Common Scams In Overtime Pay

Common Scams In Overtime Pay

Oct 16

An employee who renders overtime work is entitled to be compensated for such. The Fair Labor Standards Act provides rules that employers must follow when paying their employees. This law defines what an overtime pay is, when employees must be paid an overtime rate, and who is eligible for overtime pay. Overtime pay lawyers will tell you that some employers use deceptive and illegal tactics to avoid paying overtime pay. Here are some examples of the common scams used by employers:

1. Misclassification

Employers often change the classification of employees from non-exempt to exempt to avoid paying overtime wages. They often give them titles such as “manager” or “supervisor” and claim that such positions is exempt from overtime pay.

2. “Off the Clock”

IN addition, employers often demand that their employees work “off the clock” after rendering 40 hours of work in a week so are exempted from paying overtime pay. Likewise, they refuse to pay their employees for legally mandated breaks or force workers to clock out when they eat at their stations and go on a working break.

3. Miscalculating Workweek

By definition, a workweek consists of 7 consecutive days, regardless of which day is the start of the week. Some employers calculate the average hours worked over a number of weeks to avoid paying overtime.

4. Pre-approval

Another tactic employers use to avoid paying overtime wage is to require employees to seek prior approval for overtime before they are paid.

5. On-Call Work, Meetings, and Take Home Work

Employers do not consider on-call work, work-related meetings, or take home work as overtime hours and hence will not pay their employees overtime pay when engaging in these kinds of work.

These are just some of the common practices that employers utilize to avoid paying overtime wage. If you had been denied your overtime pay, you have the right to sue your employer.

Race-based Discrimination at Work in New York

Race-based Discrimination at Work in New York

May 01

Workplace discrimination based on race is an insidious thing. Because the laws are very strict against race-based discrimination during the hiring process, employers resort to subtle means to the workplace to undermine minority employees.

It is hard for people to identify discriminatory practices in the workplace. Oftentimes, the failure of a minority employee to advance in the ranks or to qualify for higher pay is blamed on performance or attendance issues. It is only when a pattern of behavior or practices emerges that consistently affects only minority employees that race-based discrimination is suspected.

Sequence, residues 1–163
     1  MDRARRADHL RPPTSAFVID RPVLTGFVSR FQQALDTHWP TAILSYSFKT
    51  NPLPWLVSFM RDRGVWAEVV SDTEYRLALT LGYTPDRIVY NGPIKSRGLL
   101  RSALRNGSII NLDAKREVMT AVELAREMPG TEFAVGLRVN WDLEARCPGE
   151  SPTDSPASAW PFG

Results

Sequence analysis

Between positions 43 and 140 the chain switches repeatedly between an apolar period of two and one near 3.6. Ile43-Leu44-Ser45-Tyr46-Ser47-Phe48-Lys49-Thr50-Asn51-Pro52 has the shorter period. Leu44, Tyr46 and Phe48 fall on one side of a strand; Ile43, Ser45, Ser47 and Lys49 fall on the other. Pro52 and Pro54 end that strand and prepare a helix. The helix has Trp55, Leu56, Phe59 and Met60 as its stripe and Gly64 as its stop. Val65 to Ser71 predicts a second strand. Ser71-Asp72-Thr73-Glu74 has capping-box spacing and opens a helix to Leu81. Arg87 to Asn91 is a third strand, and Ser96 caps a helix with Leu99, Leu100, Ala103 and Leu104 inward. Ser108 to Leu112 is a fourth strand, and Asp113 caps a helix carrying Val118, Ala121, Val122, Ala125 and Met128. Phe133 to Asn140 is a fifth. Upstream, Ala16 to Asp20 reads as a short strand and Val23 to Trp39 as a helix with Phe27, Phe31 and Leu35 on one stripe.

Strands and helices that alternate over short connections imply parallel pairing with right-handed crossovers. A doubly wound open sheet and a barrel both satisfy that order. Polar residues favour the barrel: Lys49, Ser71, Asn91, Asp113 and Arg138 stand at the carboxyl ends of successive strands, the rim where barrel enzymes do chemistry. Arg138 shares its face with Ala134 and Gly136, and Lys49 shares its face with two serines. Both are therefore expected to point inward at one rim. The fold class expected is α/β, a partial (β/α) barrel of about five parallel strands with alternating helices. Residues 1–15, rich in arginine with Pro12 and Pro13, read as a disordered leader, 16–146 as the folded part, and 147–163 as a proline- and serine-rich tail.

Race-based discrimination at work harms the employee on many levels. According to the website of Cary Kane, targeted employees are not only unfairly limited in their job advancement but also suffer from emotional and psychological distress. It seems incredible that this type of discrimination is still going on today. It is unfortunately only too true.

Employers have about a ton of deniability on the surface. It is when one digs deeper that the pattern emerges. When an employee complains about race-based discrimination at work, one of the first agencies to take action is the Equal Employment Opportunity Commission (EEOC). In New York, race-based discrimination may also be reported to the New York State Division of Human Rights.

In most cases, these agencies will attempt to resolve the issue out of court. In some instances, however, the pattern of race-based discrimination is so deeply ingrained in the company culture that the courts have to get involved. One example would be Atlanta-based Coca-Cola Company and its subsidiaries, which has regularly been involved in race-based discrimination over many years. The company has never yet admitted to these allegations, although they have settled several lawsuits out of court.

If you believe that your employer is discriminating against you because of your race, you do not have to take it. There are laws in place to protect your rights. Consult with a race-based discrimination lawyer in your state to help you with your case.